These are lovely ideas, but at odds with each other in these cases. If a dictatorial moderator is exerting pressure on a community, they are breaching said values on their behalf. They can chase users out of a community they love because of arbitrary rules or because they have *ahem* novel theories on the gas chambers.

Dictatorial administrators can be an issue too, as we saw during the Reddit Revolt, but they are accountable. They are accountable to their organization and often to their real name. When a moderator stirs up trouble, they typically just go silent until people forget what random screenname they were mad at.

Reddit’s moderation gets a lot of attention because of its popularity and a userbase that will respond to these issues directly, but for issues of moderation it is hardly unique. For my money, Wikipedia’s system is far worse, both in terms of the actions of the moderators and the damage it can do.

Wikipedia bills itself as the free encyclopedia anyone can edit, but anyone who has tried to actually edit will probably tell you that isn’t exactly true. Behind the scenes, Wikipedia is an intensely political place. Large pages are policed, discussed, and curated by “Wikipedians” to revise page vandalism, make sure facts are sourced, and that the page is generally accurate. 

But sometimes it seems like the Wikipedians’ first priority is bureaucracy, not accuracy. When author Philip Roth pointed out a large mistake on the page of one of his books, his efforts to correct were stymied by the Wikipedians running the page. Roth wasn’t considered a reliable enough source on his own work. 

This story got visibility via Roth’s open letter in the New Yorker, but this sort of thing happens all the time on Wikipedia. I’ve had to fight to correct my father’s Wikipedia page on events I was present for, because there wasn’t an acceptable secondary source. Obviously Wikipedia needs rules to maintain the integrity of its information, but when zealous moderators are arguing with an author about his own book, or a son about what his father died of, I question whether accuracy is the veteran Wikipedian’s highest priority.

The other issue with Wikipedia’s power editors is that they are just people, and people are eminently fallible. It’s the same issue that leads to holocaust deniers running subreddits; to be a respected Wikipedian, you just need to invest time. Once you have this status, you can revert changes, ban people from editing, and wield a measure of authority over one of the biggest repositories of information in history.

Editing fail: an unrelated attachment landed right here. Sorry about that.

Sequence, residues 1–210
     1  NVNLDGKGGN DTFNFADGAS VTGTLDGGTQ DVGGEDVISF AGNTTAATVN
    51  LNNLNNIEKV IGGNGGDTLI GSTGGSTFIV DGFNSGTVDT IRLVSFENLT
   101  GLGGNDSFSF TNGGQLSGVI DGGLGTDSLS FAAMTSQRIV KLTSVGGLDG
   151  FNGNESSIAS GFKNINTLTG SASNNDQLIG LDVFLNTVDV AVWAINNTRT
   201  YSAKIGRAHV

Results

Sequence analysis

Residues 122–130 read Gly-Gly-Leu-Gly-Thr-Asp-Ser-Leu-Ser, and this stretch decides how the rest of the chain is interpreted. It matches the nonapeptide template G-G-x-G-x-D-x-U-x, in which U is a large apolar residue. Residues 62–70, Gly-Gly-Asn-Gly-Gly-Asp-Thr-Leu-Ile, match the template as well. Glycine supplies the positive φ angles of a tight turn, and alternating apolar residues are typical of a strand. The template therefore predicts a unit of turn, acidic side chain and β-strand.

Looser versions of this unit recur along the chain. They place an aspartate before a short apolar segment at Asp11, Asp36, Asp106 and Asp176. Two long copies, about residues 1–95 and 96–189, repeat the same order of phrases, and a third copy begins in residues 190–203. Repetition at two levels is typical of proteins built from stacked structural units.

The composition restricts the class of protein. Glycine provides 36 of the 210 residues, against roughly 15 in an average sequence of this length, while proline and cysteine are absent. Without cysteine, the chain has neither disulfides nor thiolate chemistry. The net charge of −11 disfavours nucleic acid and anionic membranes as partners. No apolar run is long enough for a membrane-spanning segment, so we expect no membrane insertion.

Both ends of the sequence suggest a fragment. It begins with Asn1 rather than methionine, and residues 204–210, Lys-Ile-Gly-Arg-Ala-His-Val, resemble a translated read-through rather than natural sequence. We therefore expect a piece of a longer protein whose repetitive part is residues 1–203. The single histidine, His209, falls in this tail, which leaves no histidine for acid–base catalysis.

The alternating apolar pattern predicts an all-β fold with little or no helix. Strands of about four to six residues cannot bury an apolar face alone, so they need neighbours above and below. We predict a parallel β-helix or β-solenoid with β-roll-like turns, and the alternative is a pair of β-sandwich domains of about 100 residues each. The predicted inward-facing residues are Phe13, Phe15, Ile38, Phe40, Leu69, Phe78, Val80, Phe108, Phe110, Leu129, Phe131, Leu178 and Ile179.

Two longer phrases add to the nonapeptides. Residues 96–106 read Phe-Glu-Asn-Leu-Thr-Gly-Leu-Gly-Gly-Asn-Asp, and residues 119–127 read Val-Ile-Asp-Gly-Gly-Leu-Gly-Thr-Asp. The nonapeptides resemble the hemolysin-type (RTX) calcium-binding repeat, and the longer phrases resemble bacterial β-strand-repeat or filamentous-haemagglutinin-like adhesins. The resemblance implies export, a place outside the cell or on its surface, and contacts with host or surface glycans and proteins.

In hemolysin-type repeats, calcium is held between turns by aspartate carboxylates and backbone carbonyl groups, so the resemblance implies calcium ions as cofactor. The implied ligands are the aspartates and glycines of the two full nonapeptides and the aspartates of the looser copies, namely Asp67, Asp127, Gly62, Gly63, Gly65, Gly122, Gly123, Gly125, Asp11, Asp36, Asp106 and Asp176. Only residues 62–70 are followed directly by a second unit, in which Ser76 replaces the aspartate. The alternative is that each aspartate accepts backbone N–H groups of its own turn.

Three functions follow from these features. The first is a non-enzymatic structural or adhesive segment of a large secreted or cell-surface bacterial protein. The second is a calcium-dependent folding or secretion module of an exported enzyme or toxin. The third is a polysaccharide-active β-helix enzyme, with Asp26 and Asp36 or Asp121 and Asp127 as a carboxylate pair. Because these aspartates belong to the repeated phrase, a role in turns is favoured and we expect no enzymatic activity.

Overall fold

People have biases. Either intentionally or subconsciously people will bring their own politics, their own agenda into whatever they do. Wikipedia would argue that with thousands of editors, biases are filtered out, but thats not really true is it? If I edit a page that user: Ser Amantio Di Nicolao (Wikipedia’s 2nd most prolific editor with over 1.4 million edits) has an interest in, how likely is it that my edit will be accepted?

These power editors are people, they have their interests, and they have their agendas, and we don’t know anything about them. When the Encyclopedia Britannica is published, there’s an expectation that the curators know what they’re talking about; for one of the most highly active Wikipedians, we know that “For a living, (he) do(es) things. And stuff.”

Wikipedia is not Reddit. If a malicious moderator gets control of a popular subreddit, they can kill a community. A powerful Wikipedian, however, has much more influence. Everyone uses Wikipedia, for everything; it is the closest thing to a last word possible on the Internet. If they want to spin a controversial subject or remove an unflattering fact on a subject they’re fond of, they can.

When someone goes to Wikipedia they aren’t looking for nuance, or considering that what they’re reading is anything short of fact. The ability to control what it says is incredibly important, and it seems like that control is awarded based on who has the most free time to wield it.

The more important the Internet becomes, the more these positions matter, and nobody seems to be worried about it. Does this stuff not make you a bit concerned? I’m not ashamed to say it does me.

The issue with moderation is that in exchange for the free work performed, accountability is sacrificed. You can address Jimbo Wales, Steve Huffman or Alexis Ohanian far more than you can address JSm1th89. If a bad moderator does something, it is the easiest thing in the world to say “the community runs itself, we had no idea;” the hard thing and the right thing is to recognize abuses of power taking place on your website.

Sites like Reddit and Wikipedia matter, and if they’re going to continue to matter, people need to start paying attention to the potentially troubling power of the Internet moderator.

What are your thoughts on Internet Moderation? Do you have any horror stories about bad communities? Or am I just doomsaying on a non-issue?

Wyatt Hnatiw

Staff Writer

Wyatt Hnatiw is a lifelong gamer with a borderline inappropriate love of BioWare RPGs and Bioshock. Maybe he just loves the prefix Bio...